He got to the party a little late, but when Richard Keyser slipped through the glass doors of the Charles Theatre last night and into a swelling crowd, his entrance was that of a star.

A dozen flash bulbs went off, catching the 16-year-old in a fusillade of lights. The co-directors of The Boys of Baraka, whose local premiere would begin in two hours, bounded over, threw their arms around him and gushed like den mothers. And as reporters appeared, flipped open their notebooks, and got ready to scrawl his words, he spotted his friend and film co-star, Montrey Moore, and sidled up to him.

A mere 5-foot-5, he glanced up at the 6-foot-3 Montrey, a high school sophomore who has grown 7 inches since the film was completed two years ago, and delivered the kind of line that made The Boys of Baraka, a documentary about four Baltimore boys' journey to a tiny boarding school in Africa, the talk of the film-festival circuit last year.

"He makes me feel small," said Richard with a shrug, "but that doesn't mean I don't still live large."

Last night, they all did: Richard and "Trey," both 16 and good friends since their journey to Africa; co-star Devon Brown, also 16, now a high school sophomore; the film's directors, Heidi Ewing and Rachel Grady of New York; Judge Katie Curran O'Malley, the wife of Mayor Martin O'Malley, who was on hand to introduce the film; and about 100 well-wishers, schoolmates, mothers, pastors, cousins and friends, all invited to the Baltimore equivalent of red-carpet hour on Oscar night. (Romesh Vance, Richard's brother and the film's fourth star, didn't make the bash.)

"This is a moment I'll always cherish," said Vera Holley, the principal at William H. Lemmel Middle School and a woman who has known the boys, especially Richard, for years. "Each of these children has a special character, so unique. They deserve this attention."

Last night, they soaked it up. Devon, an aspiring preacher, was a natural before TV cameras, his white sweater and jewel-encrusted cross necklace all but glowing under the lights. "There will always be obstacles in the way," said Devon in the first of many interviews, "but one thing I've learned is that if you put God first, he'll lead you to higher ground and success."

Montrey, in a green Jolly Green Giant T-shirt, said he loved the attention, if only because his friends at school "still think I'm lying about being in a movie. I'm bringing 20 or 25 of them on Friday," he said, when The Boys of Baraka begins its exclusive Charles Theatre run, the same day it opens in more than 20 cities nationwide.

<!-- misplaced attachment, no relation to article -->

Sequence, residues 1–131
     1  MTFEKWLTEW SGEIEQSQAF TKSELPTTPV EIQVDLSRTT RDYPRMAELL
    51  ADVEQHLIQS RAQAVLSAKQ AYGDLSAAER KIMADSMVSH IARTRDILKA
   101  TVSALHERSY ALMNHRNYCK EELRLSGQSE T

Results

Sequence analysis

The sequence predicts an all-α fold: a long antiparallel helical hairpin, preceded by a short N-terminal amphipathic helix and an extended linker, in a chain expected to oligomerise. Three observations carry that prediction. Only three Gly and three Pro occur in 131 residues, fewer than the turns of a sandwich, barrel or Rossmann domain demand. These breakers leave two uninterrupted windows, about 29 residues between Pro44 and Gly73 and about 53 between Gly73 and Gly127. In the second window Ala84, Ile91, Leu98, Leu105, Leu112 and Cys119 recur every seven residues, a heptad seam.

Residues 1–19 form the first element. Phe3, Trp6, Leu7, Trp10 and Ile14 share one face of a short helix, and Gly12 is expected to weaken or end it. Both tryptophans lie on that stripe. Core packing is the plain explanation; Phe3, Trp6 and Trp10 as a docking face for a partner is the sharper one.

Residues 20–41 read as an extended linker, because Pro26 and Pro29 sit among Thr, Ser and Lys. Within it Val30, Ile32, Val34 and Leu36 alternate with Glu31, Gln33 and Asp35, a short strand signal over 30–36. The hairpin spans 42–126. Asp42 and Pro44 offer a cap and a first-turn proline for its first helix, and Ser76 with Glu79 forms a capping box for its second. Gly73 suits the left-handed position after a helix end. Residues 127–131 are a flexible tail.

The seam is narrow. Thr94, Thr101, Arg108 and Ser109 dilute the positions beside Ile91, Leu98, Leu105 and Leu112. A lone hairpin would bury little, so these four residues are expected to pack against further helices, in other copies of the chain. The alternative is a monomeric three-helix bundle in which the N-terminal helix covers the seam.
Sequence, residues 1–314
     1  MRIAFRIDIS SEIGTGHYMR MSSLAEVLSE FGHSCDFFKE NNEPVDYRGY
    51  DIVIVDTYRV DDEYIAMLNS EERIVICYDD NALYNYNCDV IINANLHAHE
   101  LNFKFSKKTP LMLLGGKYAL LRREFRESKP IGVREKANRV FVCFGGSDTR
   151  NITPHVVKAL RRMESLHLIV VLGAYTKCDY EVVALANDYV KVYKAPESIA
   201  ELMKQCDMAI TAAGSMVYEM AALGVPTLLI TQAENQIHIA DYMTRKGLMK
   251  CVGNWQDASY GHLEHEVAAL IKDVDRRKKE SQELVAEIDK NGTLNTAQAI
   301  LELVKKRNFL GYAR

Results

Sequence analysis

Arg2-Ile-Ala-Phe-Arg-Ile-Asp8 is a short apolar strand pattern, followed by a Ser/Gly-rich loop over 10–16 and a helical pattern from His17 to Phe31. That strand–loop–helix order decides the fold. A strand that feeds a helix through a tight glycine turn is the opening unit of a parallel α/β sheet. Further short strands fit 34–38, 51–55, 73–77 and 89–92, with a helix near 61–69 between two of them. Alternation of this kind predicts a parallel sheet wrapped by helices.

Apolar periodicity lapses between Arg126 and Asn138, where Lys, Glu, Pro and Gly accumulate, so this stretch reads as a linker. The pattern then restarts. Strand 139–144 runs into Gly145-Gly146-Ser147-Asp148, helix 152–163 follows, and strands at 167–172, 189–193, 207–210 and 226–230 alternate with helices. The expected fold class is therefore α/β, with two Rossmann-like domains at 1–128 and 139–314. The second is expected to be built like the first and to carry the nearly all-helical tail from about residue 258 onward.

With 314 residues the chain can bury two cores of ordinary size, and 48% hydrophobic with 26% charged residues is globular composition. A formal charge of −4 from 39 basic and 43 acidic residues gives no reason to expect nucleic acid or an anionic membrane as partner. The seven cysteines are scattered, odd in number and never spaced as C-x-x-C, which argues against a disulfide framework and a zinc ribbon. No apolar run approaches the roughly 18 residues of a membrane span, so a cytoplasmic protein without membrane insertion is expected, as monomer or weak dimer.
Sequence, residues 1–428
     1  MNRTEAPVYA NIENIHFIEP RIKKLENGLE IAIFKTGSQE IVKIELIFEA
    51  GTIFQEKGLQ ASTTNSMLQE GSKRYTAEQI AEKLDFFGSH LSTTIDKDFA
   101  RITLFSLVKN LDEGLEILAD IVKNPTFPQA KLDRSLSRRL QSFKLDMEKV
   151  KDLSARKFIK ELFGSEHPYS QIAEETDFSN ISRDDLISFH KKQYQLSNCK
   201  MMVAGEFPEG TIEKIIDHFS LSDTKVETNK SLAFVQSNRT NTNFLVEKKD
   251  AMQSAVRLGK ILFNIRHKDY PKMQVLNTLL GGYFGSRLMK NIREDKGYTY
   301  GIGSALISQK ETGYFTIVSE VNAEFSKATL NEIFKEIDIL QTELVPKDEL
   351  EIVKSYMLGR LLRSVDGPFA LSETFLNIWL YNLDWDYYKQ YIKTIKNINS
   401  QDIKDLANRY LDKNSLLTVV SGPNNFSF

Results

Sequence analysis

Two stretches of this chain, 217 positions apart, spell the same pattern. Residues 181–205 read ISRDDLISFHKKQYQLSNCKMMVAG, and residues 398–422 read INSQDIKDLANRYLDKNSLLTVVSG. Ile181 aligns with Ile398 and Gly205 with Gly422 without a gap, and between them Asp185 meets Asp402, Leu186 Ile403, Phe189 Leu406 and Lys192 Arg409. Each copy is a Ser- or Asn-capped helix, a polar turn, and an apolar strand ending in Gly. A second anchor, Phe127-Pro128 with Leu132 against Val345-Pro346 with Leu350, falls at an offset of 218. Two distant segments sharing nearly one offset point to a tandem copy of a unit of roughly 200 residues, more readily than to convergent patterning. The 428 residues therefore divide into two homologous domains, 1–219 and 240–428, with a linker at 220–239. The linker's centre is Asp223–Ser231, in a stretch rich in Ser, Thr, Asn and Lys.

"I feel happy on the inside when people recognize me," Richard said as cameras rolled. "They see me on the news or see my picture in the paper, and it's great. They want to know my opinions. I like the fame. I want to be the next - me."

It can be hard work being in the spotlight. It took Latoya Brown, Devon's best friend, two hours to braid his hair the night before - "he was screaming and hollering" in pain, she said, "but he had to have it done" - and Grady and Ewing were still busy telling the boys why Baraka, which bagged five major awards on the 2005 film-festival circuit, didn't quite get the Oscar nomination they were hoping for. (It did make the short list of 15, but it lost out to the likes of March of the Penguins and Murderball.)

But Richard and Devon were putting on the sort of brave face that befits young men who have survived a year among lions, lizards and zebras, not to mention exacting teachers like the ones at Baraka, the Baltimore charter school that operated in Kenya from 1996 to 2003, and the setting for about half the movie.

"I'm not mad," said Richard, whose poetic bent is one of the film's most moving qualities. "Something's better than nothing."

Just feet away, another person portrayed in the film, Mavis Jackson, knows what he means. An educational counselor in the city schools, she spent four years deciding which boys would be accepted to the Baraka program. "Sometimes I see people I didn't accept on the news," she said, "and not in a good way. It breaks my heart. But these boys - the experience has given them a chance."

Katie O'Malley, clutching the notes for her later talk, was marveling at the thought of 12-year-olds who'd dare to live so far from home. "I can't get my 8-year-old to spend the night at a friend's house," she said with a laugh. "Amazing people."

Behind her, Richard, now enrolled in the Maryland Job Corps program in Woodstock, fielded a few more questions in front of the microphones. Yes, he's glad that hundreds of school kids, here in Baltimore and across the country, will get to see The Boys of Baraka in the next few weeks. Sure, he thinks it'll help them a bit. "They can learn something, seeing boys become men, seeing fights become friendship," he said.

Then it was time - to head for the theater, to see the film one more time, maybe to take a few more bows and answer some questions.

Richard held up his hands to fend off the crowd. "That's a wrap," he said.

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